Trump is the New Lando
By: Scott Jennings
There aren’t enough Republicans in Washington to repeal Obamacare.
Think about that sentence. Following a stunning election that saw Republicans win The White House and both chambers of Congress, there simply aren’t enough of them to unravel a law that has driven up health insurance premiums dramatically (plans are going up as much as 47 percent in Kentucky), spiked deductibles to the point that having health coverage has become virtually meaningless for some policyholders, and threatens, in part, to push the federal debt to $30 trillion in about a decade.
All this and more notwithstanding, there aren’t enough Republicans in Washington to repeal Obamacare.
Friday’s policy debacle pulled back the curtain on a reality six years in the making – the U.S. House of Representatives now resembles a European-style parliamentary system in which no single party has enough members to govern outright.
There are at least three parties in the House – Democrats (193), led by Nancy Pelosi of California; traditional Republicans (201), led by Speaker Paul Ryan of Wisconsin; and the Freedom Caucus (36), led by Mark Meadows of North Carolina. Presently, there are five vacancies meaning 216 votes are required to pass a law.
Even though Ryan won reelection as Speaker in January with all but one Republican supporting him, clearly neither he nor President Trump has control of the three dozen Freedom Caucus members who derailed the GOP’s Obamacare’s repeal-and-replace plan.
Despite winning election under the Republican banner, Freedom Caucus members thought nothing of embarrassing a Republican president or of leaving in place a law universally despised by GOP voters. Repealing Obamacare was the single most important campaign promise made by the Republican Party for the last six years; failure to keep it could result in an “electoral bloodbath,” according to President Trump.
He’s not wrong—Republican voters will need to blame someone. GOP leaders will gamely attempt to blame Democrats, as President Trump has stated. But the blame lies with the Freedom Caucus. If not for their pledge to vote as a block, as reported by Politico, it is entirely plausible that Trump and Ryan could have convinced enough of them individually to pass the bill.
“Twenty-eight of the group’s roughly three dozen members took the plunge” and agreed that they would vote together no matter what, according to the report. The Trump/Ryan plan was about 25 votes short, meaning the Freedom Caucus pledge to stick together—functioning as a third party in the House—defeated the bill.
Functionally, Freedom Caucus opposition to the Trump/Ryan plan was no different than Democrat Nancy Pelosi’s. While the Freedom Caucus entered a coalition with Republicans to elect Ryan the Speaker, it has now joined a coalition with Pelosi to stop the Republican Party from fulfilling a campaign promise.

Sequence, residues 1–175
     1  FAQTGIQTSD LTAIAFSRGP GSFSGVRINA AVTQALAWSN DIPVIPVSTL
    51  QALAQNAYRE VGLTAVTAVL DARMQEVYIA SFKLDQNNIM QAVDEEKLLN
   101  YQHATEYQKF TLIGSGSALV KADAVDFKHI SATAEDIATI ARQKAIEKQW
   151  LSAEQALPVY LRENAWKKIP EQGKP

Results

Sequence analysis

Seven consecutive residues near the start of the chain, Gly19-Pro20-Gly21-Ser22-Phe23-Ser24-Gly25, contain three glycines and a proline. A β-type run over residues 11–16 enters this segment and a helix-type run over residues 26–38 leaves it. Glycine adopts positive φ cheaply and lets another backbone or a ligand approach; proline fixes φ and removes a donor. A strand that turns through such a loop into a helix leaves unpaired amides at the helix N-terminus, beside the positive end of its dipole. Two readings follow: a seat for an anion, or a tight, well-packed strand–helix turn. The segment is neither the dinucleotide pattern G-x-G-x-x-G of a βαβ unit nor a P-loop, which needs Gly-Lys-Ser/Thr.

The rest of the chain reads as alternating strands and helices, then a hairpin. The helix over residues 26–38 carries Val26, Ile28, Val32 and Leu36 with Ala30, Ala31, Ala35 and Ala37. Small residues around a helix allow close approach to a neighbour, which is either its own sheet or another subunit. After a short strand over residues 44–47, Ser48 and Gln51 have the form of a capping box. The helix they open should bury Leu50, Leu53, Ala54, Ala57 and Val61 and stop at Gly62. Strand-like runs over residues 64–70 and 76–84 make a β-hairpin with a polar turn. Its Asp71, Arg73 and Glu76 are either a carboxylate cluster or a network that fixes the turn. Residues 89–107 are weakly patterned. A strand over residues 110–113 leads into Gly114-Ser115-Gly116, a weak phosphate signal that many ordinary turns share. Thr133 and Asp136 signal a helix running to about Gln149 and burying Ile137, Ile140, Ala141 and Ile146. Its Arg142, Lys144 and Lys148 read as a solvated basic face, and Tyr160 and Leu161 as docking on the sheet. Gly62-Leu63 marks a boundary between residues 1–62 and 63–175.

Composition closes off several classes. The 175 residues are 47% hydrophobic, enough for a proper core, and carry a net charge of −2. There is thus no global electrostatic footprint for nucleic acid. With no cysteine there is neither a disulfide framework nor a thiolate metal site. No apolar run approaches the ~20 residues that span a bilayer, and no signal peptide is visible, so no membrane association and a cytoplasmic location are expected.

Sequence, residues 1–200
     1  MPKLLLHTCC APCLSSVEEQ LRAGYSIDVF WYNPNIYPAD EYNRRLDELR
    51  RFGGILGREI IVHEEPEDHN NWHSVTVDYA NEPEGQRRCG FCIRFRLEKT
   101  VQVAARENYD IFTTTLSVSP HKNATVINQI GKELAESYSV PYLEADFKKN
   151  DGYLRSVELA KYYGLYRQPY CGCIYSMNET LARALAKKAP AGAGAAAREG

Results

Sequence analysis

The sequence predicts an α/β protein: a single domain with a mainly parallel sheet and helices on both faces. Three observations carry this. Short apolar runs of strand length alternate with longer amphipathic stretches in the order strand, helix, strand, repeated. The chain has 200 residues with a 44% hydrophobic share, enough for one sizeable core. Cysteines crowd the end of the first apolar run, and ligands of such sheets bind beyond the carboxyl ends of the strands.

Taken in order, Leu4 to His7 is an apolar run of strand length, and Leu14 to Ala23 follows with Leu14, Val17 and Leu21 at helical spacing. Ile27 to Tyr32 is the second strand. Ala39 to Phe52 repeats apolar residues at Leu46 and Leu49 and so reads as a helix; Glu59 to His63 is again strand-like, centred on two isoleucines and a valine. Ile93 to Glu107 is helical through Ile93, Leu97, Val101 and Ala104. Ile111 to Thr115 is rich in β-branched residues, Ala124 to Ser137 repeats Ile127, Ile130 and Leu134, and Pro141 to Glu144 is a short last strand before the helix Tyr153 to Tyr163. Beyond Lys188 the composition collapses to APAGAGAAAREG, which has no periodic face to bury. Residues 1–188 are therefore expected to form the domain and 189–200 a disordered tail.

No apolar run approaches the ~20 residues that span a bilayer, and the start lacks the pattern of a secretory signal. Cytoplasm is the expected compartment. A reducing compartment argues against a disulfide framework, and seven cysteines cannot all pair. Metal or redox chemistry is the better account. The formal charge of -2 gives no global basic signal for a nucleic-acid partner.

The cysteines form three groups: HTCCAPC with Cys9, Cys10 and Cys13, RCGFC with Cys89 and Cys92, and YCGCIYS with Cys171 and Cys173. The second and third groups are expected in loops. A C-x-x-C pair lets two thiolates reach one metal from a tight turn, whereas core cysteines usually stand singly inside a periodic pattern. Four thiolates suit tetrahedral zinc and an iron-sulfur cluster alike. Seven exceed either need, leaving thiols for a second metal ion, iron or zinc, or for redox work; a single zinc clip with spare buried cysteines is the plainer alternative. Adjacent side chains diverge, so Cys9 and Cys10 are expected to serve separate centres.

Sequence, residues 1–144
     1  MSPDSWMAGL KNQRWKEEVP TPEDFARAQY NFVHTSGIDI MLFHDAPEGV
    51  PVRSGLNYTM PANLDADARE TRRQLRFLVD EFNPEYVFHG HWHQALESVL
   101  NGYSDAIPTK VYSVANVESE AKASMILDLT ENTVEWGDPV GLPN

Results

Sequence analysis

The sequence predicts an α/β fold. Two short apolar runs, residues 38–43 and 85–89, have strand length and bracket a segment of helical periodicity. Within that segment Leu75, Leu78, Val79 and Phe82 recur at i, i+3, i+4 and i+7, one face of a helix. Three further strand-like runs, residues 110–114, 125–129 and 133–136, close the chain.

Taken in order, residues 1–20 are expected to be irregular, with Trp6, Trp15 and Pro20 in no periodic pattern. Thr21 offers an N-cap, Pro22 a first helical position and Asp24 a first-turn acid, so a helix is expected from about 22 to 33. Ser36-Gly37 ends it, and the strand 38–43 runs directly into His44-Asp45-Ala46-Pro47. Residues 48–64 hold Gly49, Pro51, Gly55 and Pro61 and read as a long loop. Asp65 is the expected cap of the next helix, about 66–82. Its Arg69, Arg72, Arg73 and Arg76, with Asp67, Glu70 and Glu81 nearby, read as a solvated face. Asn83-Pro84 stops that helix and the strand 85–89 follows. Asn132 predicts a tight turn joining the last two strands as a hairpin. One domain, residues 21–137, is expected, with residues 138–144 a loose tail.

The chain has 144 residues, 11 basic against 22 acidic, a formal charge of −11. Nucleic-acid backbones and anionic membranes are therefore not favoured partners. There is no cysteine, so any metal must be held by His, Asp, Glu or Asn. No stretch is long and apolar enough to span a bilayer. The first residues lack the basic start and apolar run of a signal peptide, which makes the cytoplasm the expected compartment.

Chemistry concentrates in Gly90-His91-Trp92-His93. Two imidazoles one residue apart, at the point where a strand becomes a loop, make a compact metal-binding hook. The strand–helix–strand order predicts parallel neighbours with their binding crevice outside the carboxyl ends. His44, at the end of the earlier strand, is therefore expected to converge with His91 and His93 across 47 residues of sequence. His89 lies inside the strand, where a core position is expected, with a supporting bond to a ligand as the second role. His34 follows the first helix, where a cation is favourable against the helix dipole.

What does this mean for the rest of Trump’s agenda? For starters, his Legislative Affairs office must assume that plans for tax reform and infrastructure spending begin with no more than 201 votes (15 short of passage before vacancies are filled).
Where is Trump more likely to find additional votes? Among the emboldened Freedom Caucus, or perhaps the 12 Democrats who represent congressional districts won by Trump in 2016? Winning all 12 wouldn’t quite be enough, but it puts Trump a heck of a lot closer than he got on Friday. And with at least one Freedom Caucus member quitting the group over the health care fiasco, perhaps a few others can be had in future fights. While Democrats have little reason to work with Trump, the 12 who live in Trump districts may be as likely to sign on to a plan they helped shape as the Freedom Caucus members.
It might be wiser to negotiate with Democrats for the votes than with the Freedom Caucus, whose members proved they won’t take yes for an answer. President Trump must have felt like Lando Calrissian, the Star Wars character who, after making a deal with Darth Vader to keep the Empire out of his beloved Cloud City forever, eventually found Vader to be a less-than-trustworthy negotiating partner.
“I am altering the deal,” Vader intoned to an exasperated Calrissian in The Empire Strikes Back. “Pray I don’t alter it any further.” Calrissian later grumbled: “This deal is getting worse all the time!”
Trump must now decide whether to strike back himself by recruiting and financially backing primary opponents for the Freedom Caucus members who stabbed him in the back. Many hail from rural areas where Trump remains quite popular, especially among GOP primary voters. One could imagine primary challengers pledging to stand with Trump instead of enabling Pelosi, as their opponent did. Trump, in fact, has already tweeted about it: “Democrats are smiling in D.C. that the Freedom Caucus, with the help of Club For Growth and Heritage, have saved Planned Parenthood & Ocare!”
Upending your life to run for Congress is no easy decision, but having presidential backing makes it much easier.
Lando Calrissian got his revenge by blowing up the second Death Star. Time will tell if Trump decides to annihilate the Freedom Caucus in similarly dramatic fashion.